Dr. Henry McSorley has joined the School this month as a member of the Division on Cell Signalling and Immunology. He will be joint deputy head of division alongside Hari Hundal.
His research focuses on identifying the molecules and molecular pathways by which parasitic worms modulate the host immune system, and developing these findings towards new treatments for human immune-mediated diseases such as asthma. This research is underpinned by the hygiene hypothesis, which posits that as we have eradicated parasitic infections, there has been a rise in the prevalence of diseases mediated by overactive immune responses, such as autoimmunity, inflammation, and allergy. As parasites have co-evolved with humans, they have developed sophisticated techniques to suppress the immune system of their host, allowing their survival. In turn, the host immune system’s threshold of activation has evolved to be set to a level which is optimal in the presence of this immunosuppression, resulting in an immune system which is hyperactive in the absence of parasitic infection. After the development of modern sanitation, these infections are rare or absent, leading to an increased prevalence of various immune-mediated diseases such as asthma.
During each step of his research career, the projects Henry has conducted research in has built his experience and knowledge of this field.
Henry undertook his undergrad and postgraduate studies in Scotland. He completed his immunology degree at Glasgow and his PhD in the lab of Rick Maizels in Edinburgh. It was during his time in Edinburgh that he started to work on how a parasite can modulate the immune system, using animal models of parasite infection. Upon completion of his PhD, Henry moved to Alex Loukas’s lab in Brisbane and Cairns, Queensland, Australia. During this postdoc, Henry worked on a clinical trial where people with coeliac disease were infected with hookworms as a treatment for gluten-induced inflammation. In 2010, Henry returned to the UK and re-joined Rick Maizels lab to research how parasitic products could treat asthma and potentially develop drugs from that knowledge. In 2012, he was awarded an Asthma UK Postdoctoral Fellowship. Two years later he was awarded a Chancellor’s Fellowship from Edinburgh University to allow him to set up his own lab within the Centre for Inflammation Research.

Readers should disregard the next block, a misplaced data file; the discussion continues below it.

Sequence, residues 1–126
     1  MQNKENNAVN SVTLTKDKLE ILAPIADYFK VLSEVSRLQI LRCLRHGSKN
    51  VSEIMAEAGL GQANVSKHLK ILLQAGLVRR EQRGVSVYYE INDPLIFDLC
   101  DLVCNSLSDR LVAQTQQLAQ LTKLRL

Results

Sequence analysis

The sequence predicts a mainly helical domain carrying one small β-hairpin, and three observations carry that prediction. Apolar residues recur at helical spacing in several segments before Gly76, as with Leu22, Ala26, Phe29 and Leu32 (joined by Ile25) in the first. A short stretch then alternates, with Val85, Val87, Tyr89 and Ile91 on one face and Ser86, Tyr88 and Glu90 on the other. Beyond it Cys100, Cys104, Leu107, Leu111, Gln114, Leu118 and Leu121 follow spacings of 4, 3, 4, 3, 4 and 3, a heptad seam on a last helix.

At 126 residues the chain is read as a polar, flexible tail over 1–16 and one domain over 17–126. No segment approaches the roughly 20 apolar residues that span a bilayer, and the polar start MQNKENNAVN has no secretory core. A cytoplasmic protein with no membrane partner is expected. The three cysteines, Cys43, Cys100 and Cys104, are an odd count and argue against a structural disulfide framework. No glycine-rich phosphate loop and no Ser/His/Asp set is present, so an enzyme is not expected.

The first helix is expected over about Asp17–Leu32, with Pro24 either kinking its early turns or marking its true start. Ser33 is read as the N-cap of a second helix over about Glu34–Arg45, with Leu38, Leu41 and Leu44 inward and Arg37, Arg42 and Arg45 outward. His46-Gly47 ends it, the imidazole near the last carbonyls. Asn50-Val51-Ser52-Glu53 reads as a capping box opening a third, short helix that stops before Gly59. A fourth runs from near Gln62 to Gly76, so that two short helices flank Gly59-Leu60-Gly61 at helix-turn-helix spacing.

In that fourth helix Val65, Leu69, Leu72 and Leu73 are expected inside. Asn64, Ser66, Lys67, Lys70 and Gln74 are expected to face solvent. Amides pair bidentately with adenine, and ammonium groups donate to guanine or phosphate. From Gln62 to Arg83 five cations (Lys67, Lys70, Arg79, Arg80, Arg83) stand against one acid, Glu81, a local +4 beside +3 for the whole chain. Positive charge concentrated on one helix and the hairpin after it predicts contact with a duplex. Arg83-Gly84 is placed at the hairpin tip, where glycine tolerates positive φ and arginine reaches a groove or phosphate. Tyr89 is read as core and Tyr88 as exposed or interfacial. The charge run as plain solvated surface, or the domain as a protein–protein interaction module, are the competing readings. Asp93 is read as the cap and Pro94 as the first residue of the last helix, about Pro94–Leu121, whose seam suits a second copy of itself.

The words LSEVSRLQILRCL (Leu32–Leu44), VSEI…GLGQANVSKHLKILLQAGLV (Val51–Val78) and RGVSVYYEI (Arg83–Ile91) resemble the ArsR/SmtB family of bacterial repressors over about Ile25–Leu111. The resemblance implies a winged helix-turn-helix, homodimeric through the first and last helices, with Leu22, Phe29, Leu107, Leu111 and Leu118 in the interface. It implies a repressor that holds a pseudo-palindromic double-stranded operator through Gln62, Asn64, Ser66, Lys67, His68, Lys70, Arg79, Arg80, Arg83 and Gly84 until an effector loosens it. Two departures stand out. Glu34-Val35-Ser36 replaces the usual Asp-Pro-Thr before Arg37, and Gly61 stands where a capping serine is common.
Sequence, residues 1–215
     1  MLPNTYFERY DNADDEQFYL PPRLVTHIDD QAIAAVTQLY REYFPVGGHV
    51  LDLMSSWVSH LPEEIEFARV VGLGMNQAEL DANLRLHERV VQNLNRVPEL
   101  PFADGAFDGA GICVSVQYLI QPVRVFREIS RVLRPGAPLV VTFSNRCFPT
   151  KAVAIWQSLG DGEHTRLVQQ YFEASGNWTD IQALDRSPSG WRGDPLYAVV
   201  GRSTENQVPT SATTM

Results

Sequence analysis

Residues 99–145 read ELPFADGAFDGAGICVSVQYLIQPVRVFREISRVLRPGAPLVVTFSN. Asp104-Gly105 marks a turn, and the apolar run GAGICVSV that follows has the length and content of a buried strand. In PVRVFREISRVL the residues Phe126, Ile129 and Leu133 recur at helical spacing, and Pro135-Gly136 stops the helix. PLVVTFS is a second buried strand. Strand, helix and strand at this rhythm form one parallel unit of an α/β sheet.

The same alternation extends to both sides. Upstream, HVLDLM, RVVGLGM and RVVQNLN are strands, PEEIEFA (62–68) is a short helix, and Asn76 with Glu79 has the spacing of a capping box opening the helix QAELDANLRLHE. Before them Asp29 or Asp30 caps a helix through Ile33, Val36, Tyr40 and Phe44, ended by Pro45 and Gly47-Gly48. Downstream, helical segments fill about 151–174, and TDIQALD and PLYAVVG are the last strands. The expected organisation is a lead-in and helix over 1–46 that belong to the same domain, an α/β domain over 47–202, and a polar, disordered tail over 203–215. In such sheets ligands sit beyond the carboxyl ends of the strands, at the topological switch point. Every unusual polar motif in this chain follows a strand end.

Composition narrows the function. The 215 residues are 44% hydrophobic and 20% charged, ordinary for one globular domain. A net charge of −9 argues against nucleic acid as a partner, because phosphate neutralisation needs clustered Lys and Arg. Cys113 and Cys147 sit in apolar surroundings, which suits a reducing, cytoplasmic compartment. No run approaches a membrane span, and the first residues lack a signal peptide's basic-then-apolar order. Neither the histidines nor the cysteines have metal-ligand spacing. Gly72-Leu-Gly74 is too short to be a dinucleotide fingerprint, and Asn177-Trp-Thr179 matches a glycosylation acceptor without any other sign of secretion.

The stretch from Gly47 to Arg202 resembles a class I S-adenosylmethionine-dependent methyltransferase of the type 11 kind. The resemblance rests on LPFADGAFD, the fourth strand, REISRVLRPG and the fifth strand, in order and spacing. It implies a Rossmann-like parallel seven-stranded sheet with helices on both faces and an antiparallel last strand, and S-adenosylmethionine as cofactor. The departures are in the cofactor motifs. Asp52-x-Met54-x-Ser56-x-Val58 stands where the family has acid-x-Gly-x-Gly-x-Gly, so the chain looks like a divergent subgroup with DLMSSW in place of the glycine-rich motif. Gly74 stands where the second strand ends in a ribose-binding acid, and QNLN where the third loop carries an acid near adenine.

Henry’s recent research has focussed on the parasite-derived proteins that block certain asthma-inducing cytokines. The IL-33 pathway is crucially important in asthma and parasitic worm infections so has been of particular interest, leading to the discovery of HpARI, a IL-33 antagonist protein identified from parasite secretions. The structure-function relationships between the immune modulatory proteins secreted by parasites and their targets in the hosts immune system are now being studied.
Henry’s lab uses the following techniques to answer those questions: mouse models, protein engineering, protein-protein interaction studies and cellular immunology. Currently, Henry has a PhD student in his team but two postdoctoral researchers and a technician will be joining in the coming months.